A fine example of what could easily become a classic!
OK. I’m going to set the record straight here and now, and you’ll soon see why. STALKER (I’m omitting the dots for brevity) is a great game. It’s a game which won’t soon be completed, nor soon forgotten and confined to the depths of your memory in the ?forgettable? bin.
Despite everything STALKER has been through, it has still managed to provide one of the more immersive experiences of recent years
STALKER drops you into the large area around Chernobyl, site of the 1986 nuclear disaster and sets you off on a mission of exploration, execution, riches and revenge. The best part about it is that it’s all your choice. You don’t want to kill Strelok? That’s fine, go on a never ending quest to plunder the depths of the zone, retrieve the most precious artefacts and kill the most bandit swine! Maybe you’d like to become the top Stalker? The richest man in the zone? The biggest weapons collector?
No matter what you choose though, STALKER promises a world of adventure, with that first step outside Trader’s office comparable to nothing but the very moment the sun hits you when leaving the sewers in Oblivion.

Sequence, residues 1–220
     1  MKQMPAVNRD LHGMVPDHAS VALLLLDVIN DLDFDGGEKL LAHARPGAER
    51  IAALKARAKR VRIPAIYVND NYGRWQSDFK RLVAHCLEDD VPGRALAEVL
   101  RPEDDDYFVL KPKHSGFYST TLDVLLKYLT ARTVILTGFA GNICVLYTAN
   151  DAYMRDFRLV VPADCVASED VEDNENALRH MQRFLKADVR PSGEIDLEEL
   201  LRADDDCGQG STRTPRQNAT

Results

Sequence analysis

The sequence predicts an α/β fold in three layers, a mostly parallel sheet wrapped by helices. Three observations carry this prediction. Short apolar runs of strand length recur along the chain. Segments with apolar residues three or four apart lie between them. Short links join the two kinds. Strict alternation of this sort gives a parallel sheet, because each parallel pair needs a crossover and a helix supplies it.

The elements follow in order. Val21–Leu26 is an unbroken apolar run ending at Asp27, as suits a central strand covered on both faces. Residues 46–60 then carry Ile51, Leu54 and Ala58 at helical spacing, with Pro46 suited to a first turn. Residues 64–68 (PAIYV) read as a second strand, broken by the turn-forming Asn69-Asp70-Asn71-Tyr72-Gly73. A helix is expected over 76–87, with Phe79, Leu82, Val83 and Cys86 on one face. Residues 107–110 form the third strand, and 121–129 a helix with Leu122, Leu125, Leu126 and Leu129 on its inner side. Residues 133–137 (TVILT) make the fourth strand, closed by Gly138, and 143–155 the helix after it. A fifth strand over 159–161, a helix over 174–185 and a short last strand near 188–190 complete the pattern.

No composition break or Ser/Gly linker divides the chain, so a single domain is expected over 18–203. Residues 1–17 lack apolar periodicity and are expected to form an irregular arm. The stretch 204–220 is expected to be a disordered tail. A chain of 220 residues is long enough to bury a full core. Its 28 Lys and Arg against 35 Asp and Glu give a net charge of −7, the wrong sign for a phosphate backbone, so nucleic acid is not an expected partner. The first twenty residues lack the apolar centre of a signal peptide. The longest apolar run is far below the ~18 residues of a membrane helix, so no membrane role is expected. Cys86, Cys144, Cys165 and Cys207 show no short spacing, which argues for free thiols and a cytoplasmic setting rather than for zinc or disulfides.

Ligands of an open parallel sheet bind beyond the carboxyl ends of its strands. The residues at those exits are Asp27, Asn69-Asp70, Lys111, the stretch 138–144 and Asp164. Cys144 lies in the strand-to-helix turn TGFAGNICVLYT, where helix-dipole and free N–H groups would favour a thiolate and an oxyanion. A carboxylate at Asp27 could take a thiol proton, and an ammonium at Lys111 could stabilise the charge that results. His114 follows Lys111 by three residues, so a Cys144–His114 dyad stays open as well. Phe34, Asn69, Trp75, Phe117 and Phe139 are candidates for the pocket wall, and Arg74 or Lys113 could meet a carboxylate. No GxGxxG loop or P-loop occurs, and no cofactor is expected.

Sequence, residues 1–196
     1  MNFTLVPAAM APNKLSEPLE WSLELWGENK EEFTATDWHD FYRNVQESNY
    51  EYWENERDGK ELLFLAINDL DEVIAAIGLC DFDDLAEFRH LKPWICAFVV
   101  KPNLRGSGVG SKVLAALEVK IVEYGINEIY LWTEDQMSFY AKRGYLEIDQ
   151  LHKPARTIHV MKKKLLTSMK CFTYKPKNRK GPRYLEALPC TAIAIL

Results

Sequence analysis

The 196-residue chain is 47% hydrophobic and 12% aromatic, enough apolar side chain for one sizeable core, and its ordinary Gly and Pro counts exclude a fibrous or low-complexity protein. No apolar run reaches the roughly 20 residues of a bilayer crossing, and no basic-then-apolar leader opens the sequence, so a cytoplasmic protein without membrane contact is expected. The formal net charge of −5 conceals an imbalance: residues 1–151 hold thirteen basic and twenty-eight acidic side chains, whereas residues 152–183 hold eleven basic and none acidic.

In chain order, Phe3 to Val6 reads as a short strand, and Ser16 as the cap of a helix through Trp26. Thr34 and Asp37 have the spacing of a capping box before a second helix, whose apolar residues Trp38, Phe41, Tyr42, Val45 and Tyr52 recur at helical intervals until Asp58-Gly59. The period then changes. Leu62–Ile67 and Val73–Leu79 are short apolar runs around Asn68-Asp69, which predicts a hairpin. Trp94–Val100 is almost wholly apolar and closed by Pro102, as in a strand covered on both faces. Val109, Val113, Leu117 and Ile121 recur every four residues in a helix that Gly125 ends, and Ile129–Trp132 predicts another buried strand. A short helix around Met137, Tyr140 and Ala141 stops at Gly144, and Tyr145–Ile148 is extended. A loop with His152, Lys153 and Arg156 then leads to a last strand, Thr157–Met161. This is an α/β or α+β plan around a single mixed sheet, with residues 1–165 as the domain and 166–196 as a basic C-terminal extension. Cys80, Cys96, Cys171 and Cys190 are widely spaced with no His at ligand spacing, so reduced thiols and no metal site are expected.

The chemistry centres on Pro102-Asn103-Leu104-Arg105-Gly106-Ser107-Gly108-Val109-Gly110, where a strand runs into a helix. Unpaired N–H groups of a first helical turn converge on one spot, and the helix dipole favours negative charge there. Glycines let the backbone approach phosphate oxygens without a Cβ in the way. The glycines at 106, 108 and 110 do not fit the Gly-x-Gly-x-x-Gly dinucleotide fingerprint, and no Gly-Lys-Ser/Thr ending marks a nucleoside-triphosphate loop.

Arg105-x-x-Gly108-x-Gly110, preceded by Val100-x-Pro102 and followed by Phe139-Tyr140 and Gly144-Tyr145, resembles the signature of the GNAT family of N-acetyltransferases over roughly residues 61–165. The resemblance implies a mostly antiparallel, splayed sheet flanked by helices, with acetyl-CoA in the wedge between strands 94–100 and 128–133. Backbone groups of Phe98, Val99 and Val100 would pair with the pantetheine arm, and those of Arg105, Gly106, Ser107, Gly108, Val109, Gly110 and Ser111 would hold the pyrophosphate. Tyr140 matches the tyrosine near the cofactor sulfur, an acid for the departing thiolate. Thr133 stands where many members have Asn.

The only major difference between these first steps though is that STALKER’s step is significantly dated in comparison (despite Oblivion being a whole year older). Presentation and optimization are sadly two of STALKER’s biggest shortcomings; the graphics are about 2005 level, whilst the rate at which it runs on anything below a super-rig is abysmal. Luckily, there are now around 6 patches out, which help marginally, but your best bet is a handy little mod by the name of Float32. This not only improves the graphics tenfold on any setting, but totally kills the optimization problems.
The gameplay concepts are all of high quality though; for example, some guns can take up to 3 types of ammo, which isn’t an unused feature in shooters by a long shot, just shamefully under-used, but STALKER steps in and fixes this problem with a no holds barred approach ? literally swamping you with ammo and gun choices during the course of the game.
The only issue is that not utilising these various types of ammo won’t exactly be your downfall in STALKER, the inclusion of which could easily have given the game a new tactical edge for those who seek it.
Carrying a lot of ammo also adds up, meaning if you aren’t careful you could find yourself bogged down with 2 or 3 kilograms of ammo at a time. This isn’t a problem at first as ammo can be pretty scarce, but this really shows up as an issue mid-game, where you’re at an advantage by being as versatile as possible.